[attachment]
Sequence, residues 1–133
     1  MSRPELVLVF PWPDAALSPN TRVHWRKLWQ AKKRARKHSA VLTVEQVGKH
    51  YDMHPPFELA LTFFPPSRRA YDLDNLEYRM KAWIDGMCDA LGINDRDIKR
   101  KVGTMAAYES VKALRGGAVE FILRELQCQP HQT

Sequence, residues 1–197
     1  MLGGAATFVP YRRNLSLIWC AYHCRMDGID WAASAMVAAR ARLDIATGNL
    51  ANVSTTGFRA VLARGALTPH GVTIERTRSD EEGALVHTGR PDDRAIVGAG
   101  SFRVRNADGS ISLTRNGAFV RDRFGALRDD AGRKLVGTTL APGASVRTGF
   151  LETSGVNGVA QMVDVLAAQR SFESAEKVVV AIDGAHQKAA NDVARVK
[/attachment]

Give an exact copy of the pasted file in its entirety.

Sequence, residues 1–133
     1  MSRPELVLVF PWPDAALSPN TRVHWRKLWQ AKKRARKHSA VLTVEQVGKH
    51  YDMHPPFELA LTFFPPSRRA YDLDNLEYRM KAWIDGMCDA LGINDRDIKR
   101  KVGTMAAYES VKALRGGAVE FILRELQCQP HQT

Sequence, residues 1–197
     1  MLGGAATFVP YRRNLSLIWC AYHCRMDGID WAASAMVAAR ARLDIATGNL
    51  ANVSTTGFRA VLARGALTPH GVTIERTRSD EEGALVHTGR PDDRAIVGAG
   101  SFRVRNADGS ISLTRNGAFV RDRFGALRDD AGRKLVGTTL APGASVRTGF
   151  LETSGVNGVA QMVDVLAAQR SFESAEKVVV AIDGAHQKAA NDVARVK